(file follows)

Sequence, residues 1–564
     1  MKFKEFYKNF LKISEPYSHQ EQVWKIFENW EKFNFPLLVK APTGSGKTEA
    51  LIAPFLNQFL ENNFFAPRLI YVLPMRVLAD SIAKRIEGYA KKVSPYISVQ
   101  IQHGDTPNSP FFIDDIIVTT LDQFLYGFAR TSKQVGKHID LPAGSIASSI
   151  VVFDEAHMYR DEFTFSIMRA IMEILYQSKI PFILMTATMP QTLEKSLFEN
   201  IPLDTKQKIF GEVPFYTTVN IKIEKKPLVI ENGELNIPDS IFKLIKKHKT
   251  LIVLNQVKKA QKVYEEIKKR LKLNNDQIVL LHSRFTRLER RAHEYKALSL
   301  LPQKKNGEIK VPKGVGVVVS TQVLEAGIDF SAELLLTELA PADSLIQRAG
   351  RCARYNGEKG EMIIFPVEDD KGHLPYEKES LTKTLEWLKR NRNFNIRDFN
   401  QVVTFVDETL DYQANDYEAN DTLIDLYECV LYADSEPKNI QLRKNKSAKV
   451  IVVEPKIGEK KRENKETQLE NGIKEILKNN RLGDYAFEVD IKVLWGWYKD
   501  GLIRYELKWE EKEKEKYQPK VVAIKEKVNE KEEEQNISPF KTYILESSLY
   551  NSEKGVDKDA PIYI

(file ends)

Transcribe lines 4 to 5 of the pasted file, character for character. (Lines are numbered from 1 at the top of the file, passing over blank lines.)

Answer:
   101  IQHGDTPNSP FFIDDIIVTT LDQFLYGFAR TSKQVGKHID LPAGSIASSI
   151  VVFDEAHMYR DEFTFSIMRA IMEILYQSKI PFILMTATMP QTLEKSLFEN